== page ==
Subsequently, I took up trail running where we would do our own route finding. This would enable my heart rate (HR) to come down whilst stopping to find the correct path. It enabled me to enjoy my running see the lovely countryside, have lovely cakes (and other refreshments ) at checkpoints and keep fit. Socially it was (and is) a really nice laid back atmosphere.

Although I had run races for over 50 years I had never documented what I had done but when I started these trail marathons I was given a certificate each time so I started to collect them and had thoughts of joining the 100 Club. However, I had noticed around 2016 some events were getting a bit hard and at one in September I collapsed exhausted at the end and eventually the paramedic suggested my wife took me to A&E for a checkup. We didn’t go as I felt I just needed rest and I felt good the following day.

In March 2017 I collapsed again this time after the finish I had to stop on the way home to vomit. A common theme here was not feeling like eating at the checkpoints.

Mike with his saviours

On June 4th I had entered the Stour Valley Trail Marathon, an event I had completed 3 times previously. I have no memory of the day at all so this is all from my saviours and friends who went with me.

I travelled down with a couple of mates to the race and set off at a reasonable pace. One of my friends overtook me at 18 miles. Although I was slowing down I told him I was OK and if necessary I would be happy to walk the last bit. One of my friends then said she came across me down at 24 miles and phoned the race director to tell him she had come across someone who probably wouldn’t make the finish.

I actually got up and ran on for another mile including climbing a couple of stiles, then she saw what apparently looked like rubbish in the field but it was me and I was unconscious this time. She commenced CPR & kiss of life (other runners stopped, phoned 999 & helped with the CPR and elevating my legs). Apparently, 3 women kept the CPR up for about 20 mins whilst a man went to find out where we were and amazingly found an off duty paramedic having a BBQ nearby. He rushed over and took control.

The ambulance arrived after 25 mins. After three goes with the defib. and other stuff (I don’t know what else they did as I have had no response to requests to thank them) they got me round.

I am told I tried to get off the stretcher to finish the race when told I was a mile from the finish. I had 2 further arrests (in the ambulance and in A&E at Colchester). After 3 days in an induced coma, I came round, had a defib fitted at Basildon and was released.

No real explanation for what had caused it. Just out of interest I believe it may have been the hottest day of the year (at that point).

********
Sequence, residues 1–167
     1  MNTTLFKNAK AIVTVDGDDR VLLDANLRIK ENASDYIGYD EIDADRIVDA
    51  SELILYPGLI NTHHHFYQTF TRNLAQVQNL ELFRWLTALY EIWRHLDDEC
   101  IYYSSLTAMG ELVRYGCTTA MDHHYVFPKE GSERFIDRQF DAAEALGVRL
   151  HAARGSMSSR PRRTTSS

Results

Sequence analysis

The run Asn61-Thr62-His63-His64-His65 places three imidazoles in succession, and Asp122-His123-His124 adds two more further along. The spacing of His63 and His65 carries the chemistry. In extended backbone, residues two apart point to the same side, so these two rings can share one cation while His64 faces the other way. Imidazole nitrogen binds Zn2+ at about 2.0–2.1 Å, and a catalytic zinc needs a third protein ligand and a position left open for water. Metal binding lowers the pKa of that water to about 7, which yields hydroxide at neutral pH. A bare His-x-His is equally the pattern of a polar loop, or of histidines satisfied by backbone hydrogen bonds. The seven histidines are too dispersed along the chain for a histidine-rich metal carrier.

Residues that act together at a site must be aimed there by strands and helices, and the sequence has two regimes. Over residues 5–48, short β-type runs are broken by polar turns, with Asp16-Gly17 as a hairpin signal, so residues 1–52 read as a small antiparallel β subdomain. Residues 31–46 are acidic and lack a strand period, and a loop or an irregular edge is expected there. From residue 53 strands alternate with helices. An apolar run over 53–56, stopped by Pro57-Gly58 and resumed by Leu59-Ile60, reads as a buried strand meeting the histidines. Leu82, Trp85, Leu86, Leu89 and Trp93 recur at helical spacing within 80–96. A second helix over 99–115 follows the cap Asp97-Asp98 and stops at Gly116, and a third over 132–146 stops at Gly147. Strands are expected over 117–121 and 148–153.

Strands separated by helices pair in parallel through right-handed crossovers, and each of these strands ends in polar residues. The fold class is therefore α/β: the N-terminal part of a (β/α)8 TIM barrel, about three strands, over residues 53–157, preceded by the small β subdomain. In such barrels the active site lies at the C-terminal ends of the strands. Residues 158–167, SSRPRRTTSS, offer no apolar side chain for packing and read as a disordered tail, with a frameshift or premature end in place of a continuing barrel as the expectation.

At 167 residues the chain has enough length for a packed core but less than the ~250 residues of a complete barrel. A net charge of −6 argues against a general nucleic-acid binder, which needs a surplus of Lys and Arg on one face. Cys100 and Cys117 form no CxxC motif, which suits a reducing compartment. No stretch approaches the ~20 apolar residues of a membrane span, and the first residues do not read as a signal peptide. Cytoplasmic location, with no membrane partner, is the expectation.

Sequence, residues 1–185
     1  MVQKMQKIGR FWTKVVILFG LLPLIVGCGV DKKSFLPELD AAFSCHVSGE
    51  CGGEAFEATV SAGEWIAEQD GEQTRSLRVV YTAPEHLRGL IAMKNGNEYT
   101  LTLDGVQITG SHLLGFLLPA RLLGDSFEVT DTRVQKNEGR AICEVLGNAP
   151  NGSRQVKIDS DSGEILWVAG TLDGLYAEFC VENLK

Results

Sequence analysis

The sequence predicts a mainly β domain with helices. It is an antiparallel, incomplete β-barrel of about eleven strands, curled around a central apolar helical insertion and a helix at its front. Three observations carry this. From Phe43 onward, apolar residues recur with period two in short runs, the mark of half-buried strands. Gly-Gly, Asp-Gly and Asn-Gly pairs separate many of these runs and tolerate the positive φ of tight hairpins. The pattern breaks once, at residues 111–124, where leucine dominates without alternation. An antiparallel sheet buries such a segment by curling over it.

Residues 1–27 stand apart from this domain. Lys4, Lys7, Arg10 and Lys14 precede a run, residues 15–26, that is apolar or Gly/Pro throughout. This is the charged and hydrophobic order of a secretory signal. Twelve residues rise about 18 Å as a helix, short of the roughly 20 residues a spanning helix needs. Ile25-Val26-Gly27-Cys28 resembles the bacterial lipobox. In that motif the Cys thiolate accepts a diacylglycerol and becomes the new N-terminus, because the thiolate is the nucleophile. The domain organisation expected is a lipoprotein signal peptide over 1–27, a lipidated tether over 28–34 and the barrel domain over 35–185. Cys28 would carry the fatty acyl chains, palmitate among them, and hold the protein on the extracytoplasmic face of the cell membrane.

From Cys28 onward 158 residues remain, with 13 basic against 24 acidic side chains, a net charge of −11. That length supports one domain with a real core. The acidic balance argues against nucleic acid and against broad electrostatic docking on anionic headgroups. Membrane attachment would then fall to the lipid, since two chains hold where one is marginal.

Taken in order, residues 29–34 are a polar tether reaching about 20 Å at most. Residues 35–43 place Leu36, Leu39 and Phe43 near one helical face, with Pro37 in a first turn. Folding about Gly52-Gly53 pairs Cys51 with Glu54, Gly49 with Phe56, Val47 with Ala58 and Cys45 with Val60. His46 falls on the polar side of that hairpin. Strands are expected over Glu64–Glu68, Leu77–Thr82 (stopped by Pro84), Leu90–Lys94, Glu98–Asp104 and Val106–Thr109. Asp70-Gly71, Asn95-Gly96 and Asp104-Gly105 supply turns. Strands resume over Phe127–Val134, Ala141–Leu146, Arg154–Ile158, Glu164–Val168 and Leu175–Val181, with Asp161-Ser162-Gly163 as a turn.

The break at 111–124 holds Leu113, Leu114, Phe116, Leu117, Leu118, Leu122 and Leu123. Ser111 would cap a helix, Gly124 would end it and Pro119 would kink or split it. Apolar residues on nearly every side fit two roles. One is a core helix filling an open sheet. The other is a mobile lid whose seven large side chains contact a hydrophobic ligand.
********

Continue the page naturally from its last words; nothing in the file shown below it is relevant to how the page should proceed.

A nice touch the race director sent me a medal as he felt I had probably run a marathon distance along with a new vest from his club, noting humorously that the paramedic was probably from a rival club as he had torn and thrown away my vest!

To be continued…

CPR Counts!

As a survivor you know

Post by Malcolm Robinson

On the morning of 15th April 2017 my wife, Ann, and I set off by bus from near our home, heading for Birmingham city centre. I was going because of two reasons. There was a vegan food festival taking place and I also wanted to explore a guided walk I was planning to lead for our rambling group, associated with Tamworth Folk Club. This walk was to look at, among other sites of historical interest, the multitude of graffiti left on various appropriate walls in the Digbeth area of Birmingham, just to the east of the city centre. These were put there by invited artists, from far and wide, for the ‘The City of Colours Street Art Festivals’ which took place in 2014 and 2016.

Ann got off the bus in Sutton Coldfield town centre to have her hair cut and I carried on to look at the food festival before she would join me on a later bus. Leaving her in Sutton is the last thing I remember for about the next week. There is a text message on my phone which I sent to her at 11.27am which reads ‘Don’t get bus to town. I am coming home. Will tell why when I see you.’ But Ann was already on the bus and phoned me to tell me so. If I had already got on a bus I may well not be alive today.

I told her that I had an ache in my chest and was feeling very cold and thought I should abandon the walk. By the time Ann reached me in the city centre I was feeling much better and decided to carry on as planned. It seems, from notes I took as we were exploring, that we had almost completed our three-mile perambulation and were heading for our favourite vegetarian restaurant, The Warehouse Cafe, for lunch.